Is organic food really better for you?

Benefits of non-organic foods And while organic foods have a reputation for being healthy and nutritious, studies show that there is actually very little difference in nutritional value between organic and conventional foods. According to data from the USDA, organic foods have less pesticide residues than conventionally grown products. However, the quantities of both types of products are within the safe consumption level. And it's not clear if the pesticides used in organic agriculture are safer than the non-synthetic pesticides used in conventional agriculture.

The verdict on pesticides and fertilizers in terms of the long-term impact on health has not yet been delivered on pesticides and fertilizers. There are many other variables in the environment. It's hard to say that the peach pesticide was the root cause of a health problem, McManus says. According to the definition established by the National Organic Program of the United States Department of Agriculture, organic crops are grown without applying herbicides, pesticides or fertilizers, and animals are raised following humane practices.

Organic food enthusiasts seem to value food safety and their own ethical identity, which encompasses topics such as the environment and animal welfare. Surveys also show that most consumers choose organic foods to avoid pesticides. As expected, many belong to homes with children. While organic products contain fewer synthetic pesticide residues, non-organic products have levels well below safety standards and pose minimal risk to humans.

In fact, the vast majority of exposure to pesticides occurs through non-food routes in the home and workplace. Consumers' willingness to pay a premium for organic products reflects their trust in the message transmitted by the organic label. While there is no way to guarantee, from purchase or consumption, whether the organic attributes are truly maintained, the perceived benefit of organic food outweighs rational thinking. McManus says he doesn't recommend organic foods to people, but that he'll talk to them about it if they're concerned about pesticides.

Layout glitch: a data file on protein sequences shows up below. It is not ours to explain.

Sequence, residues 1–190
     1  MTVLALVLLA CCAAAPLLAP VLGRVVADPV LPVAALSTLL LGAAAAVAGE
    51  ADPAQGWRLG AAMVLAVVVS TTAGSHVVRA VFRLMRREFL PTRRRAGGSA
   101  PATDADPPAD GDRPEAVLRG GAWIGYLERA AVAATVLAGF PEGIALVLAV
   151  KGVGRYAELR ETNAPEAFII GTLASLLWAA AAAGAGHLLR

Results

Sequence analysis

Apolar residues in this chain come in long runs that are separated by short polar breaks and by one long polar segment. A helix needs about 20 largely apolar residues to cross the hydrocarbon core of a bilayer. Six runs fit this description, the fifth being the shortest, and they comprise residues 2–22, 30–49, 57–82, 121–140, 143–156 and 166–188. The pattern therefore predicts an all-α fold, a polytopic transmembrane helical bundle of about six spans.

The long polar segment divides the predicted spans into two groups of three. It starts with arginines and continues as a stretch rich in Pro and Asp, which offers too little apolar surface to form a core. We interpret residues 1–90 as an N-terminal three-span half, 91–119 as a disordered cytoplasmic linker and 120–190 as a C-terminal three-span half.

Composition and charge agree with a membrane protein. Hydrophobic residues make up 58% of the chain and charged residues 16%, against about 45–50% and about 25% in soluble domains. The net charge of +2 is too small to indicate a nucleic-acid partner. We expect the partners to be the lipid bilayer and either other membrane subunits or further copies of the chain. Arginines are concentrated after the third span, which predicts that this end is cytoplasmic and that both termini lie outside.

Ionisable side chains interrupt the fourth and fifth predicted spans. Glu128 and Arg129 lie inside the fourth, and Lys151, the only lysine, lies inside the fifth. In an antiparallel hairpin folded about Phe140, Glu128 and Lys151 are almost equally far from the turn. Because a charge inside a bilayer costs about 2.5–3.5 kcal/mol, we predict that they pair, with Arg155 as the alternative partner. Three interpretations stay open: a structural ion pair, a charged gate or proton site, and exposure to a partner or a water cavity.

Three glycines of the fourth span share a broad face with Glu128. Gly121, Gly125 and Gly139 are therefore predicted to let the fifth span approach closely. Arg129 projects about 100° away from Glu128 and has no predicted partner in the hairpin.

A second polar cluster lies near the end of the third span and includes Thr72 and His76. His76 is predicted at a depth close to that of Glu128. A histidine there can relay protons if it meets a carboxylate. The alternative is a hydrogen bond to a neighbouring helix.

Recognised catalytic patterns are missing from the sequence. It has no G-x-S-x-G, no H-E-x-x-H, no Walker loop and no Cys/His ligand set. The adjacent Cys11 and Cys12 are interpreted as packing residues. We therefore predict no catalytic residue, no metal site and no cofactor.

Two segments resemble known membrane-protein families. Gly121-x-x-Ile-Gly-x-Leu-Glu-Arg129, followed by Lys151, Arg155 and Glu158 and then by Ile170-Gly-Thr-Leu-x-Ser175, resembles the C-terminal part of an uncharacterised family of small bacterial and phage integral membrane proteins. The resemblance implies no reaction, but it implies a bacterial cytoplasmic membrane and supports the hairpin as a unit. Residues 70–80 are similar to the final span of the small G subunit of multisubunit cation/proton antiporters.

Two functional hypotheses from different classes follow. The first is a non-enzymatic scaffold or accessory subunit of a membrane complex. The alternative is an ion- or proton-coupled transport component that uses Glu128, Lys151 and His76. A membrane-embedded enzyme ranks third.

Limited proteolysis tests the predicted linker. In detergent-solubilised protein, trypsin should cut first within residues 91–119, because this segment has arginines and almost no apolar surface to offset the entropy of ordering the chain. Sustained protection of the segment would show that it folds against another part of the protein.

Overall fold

And some people choose organic foods not for health reasons, but because they think they taste better. Discover the difference between organic foods and their traditionally grown counterparts when it comes to nutrition, safety and price. Eating organic foods can reduce exposure to artificial chemicals, added hormones, and antibiotic-resistant bacteria. The lower incidence of these diseases could be attributed to other factors, such as the fact that people who can afford to eat organic food regularly may have healthier habits in general when it comes to diet and exercise, for example.

Older observational studies suggest that organic foods may reduce the risk of allergies and eczema in children and infants. In addition, animal studies show that organic diets can benefit growth, reproduction and the immune system (2). Try buying organic versions of foods from the Dirty Dozen list, published every year by the Environmental Working Group (EWG). Several previous studies have found that organic foods generally contain higher levels of antioxidants and certain micronutrients, such as vitamin C, zinc and iron (4, 5, 6,.

There isn't enough strong evidence available to show that eating organic products provides health benefits compared to regular foods. Some data show the possible health benefits of organic foods compared to foods grown using the usual (conventional) process. .